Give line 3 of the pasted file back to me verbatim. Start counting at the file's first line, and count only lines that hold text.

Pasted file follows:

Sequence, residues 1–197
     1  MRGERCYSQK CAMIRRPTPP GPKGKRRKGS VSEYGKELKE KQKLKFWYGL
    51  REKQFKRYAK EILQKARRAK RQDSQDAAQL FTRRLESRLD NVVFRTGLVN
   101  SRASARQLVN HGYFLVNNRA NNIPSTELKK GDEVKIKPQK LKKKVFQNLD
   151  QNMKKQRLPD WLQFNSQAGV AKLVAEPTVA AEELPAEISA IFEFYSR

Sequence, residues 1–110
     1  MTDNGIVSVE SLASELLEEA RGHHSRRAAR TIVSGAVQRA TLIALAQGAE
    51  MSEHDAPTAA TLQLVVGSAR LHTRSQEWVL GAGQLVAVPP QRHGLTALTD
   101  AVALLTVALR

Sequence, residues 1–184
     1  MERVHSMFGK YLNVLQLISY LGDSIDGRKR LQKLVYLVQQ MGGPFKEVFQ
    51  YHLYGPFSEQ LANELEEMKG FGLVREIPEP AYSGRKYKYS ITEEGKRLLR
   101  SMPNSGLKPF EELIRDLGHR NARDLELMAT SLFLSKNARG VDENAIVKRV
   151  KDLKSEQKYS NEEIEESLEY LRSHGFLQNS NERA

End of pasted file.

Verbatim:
    51  REKQFKRYAK EILQKARRAK RQDSQDAAQL FTRRLESRLD NVVFRTGLVN